This is the level the flying Dutchman is now at, with his almost-complete record. He won't win a Grand Tour, but could he challenge at Liège-Bastogne-Liège? The fourth Monument is hilly, but then he has won sixth there before, so it doesn't seem impossible. Il Lombardia will probably be out of his reach, however.

Tadej Pogačar should target Paris-Roubaix

Tadej Pogačar at the Tour of Flanders

(Image credit: Getty Images)

Speaking of someone with a quickly-filling palmarès, Tadej Pogačar ticked another career goal off with a win at the Tour of Flanders in early April. The Slovenian has only raced Flanders twice, but has quickly taken to cobbled racing, with top tens at Dwars door Vlaanderen and the E3 Saxo Classic to add to his Flanders victory.

He has never raced Paris-Roubaix, and is very much the opposite from the typical rider that does well at the Hell of the North. Just look at some of the riders in the top ten last weekend, and you will see the pattern: Stefan Küng, Filippo Ganna, Van der Poel, John Degenkolb and Max Walscheid.

Pogačar is incredibly light compared to these rouleur types, and switching to Roubaix would mean a change in his career and his approach, which to date has centred around the Tour de France. However, if anyone could win all five monuments it would be the UAE Team Emirates rider. He has the willpower and the bike handling skills, he just needs the experience, and possibly the weight.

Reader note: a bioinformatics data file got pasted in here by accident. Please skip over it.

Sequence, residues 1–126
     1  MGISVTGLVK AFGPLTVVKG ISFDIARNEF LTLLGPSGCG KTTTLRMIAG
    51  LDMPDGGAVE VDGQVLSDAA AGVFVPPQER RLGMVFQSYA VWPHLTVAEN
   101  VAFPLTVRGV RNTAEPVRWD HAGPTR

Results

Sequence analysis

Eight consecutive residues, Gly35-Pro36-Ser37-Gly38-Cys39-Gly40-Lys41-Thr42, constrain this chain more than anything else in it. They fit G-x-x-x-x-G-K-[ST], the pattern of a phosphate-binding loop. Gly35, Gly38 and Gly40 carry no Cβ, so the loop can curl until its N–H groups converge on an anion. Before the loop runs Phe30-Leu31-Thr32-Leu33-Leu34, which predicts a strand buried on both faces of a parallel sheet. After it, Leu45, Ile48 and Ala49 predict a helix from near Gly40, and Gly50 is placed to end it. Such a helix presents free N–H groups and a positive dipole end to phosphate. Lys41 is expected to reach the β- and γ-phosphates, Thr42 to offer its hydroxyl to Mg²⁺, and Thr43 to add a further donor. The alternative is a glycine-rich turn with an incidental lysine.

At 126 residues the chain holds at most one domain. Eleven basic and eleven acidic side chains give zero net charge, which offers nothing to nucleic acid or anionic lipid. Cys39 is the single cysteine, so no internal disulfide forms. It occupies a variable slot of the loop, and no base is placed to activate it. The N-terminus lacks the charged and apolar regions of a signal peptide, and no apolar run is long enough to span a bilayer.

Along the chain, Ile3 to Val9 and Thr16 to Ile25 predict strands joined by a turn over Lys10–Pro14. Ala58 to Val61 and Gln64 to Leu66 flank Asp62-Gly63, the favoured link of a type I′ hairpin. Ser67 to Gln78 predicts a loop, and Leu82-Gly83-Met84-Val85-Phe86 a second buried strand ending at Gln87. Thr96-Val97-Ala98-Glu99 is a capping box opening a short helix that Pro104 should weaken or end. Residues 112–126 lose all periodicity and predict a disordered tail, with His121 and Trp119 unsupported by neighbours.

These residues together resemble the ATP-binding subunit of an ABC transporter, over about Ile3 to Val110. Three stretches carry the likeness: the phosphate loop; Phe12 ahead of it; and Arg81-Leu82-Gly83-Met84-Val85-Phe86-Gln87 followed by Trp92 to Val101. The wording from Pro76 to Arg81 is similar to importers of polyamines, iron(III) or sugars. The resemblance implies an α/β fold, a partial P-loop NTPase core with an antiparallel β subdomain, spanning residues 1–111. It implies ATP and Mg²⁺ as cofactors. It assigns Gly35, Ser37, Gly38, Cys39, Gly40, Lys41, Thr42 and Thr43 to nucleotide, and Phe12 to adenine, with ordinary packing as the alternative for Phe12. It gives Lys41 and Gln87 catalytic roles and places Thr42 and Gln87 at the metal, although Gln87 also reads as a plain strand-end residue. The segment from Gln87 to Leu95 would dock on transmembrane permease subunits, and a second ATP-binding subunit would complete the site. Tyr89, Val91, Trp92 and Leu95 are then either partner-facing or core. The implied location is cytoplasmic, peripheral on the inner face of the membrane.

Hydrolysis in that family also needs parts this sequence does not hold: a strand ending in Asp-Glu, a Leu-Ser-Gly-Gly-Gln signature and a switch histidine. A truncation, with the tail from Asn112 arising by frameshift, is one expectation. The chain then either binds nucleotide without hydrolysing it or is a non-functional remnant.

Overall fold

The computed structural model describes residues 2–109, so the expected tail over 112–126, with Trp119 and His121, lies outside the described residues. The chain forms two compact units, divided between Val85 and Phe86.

He already has Flanders, Liège-Bastogne-Liège, and Il Lombardia, and you could see him claiming Milan-San Remo too, so why not target Roubaix? 

Ineos Grenadiers promised so much, but failed to deliver

Tom Pidcock at the Tour of Flanders

(Image credit: Getty Images)

Fifth at Omloop, 24th at Kuurne-Bruxelles-Kuurne, 10th at the E3 Saxo Classic, 13th at Gent-Wevelgem, 11th at Dwars door Vlaanderen, 25th at the Tour of Flanders, sixth at Paris-Roubaix and 10th at Brabantse Pijl is not a bad return for Ineos Grenadiers, but it does not live up to the super-team's expectations.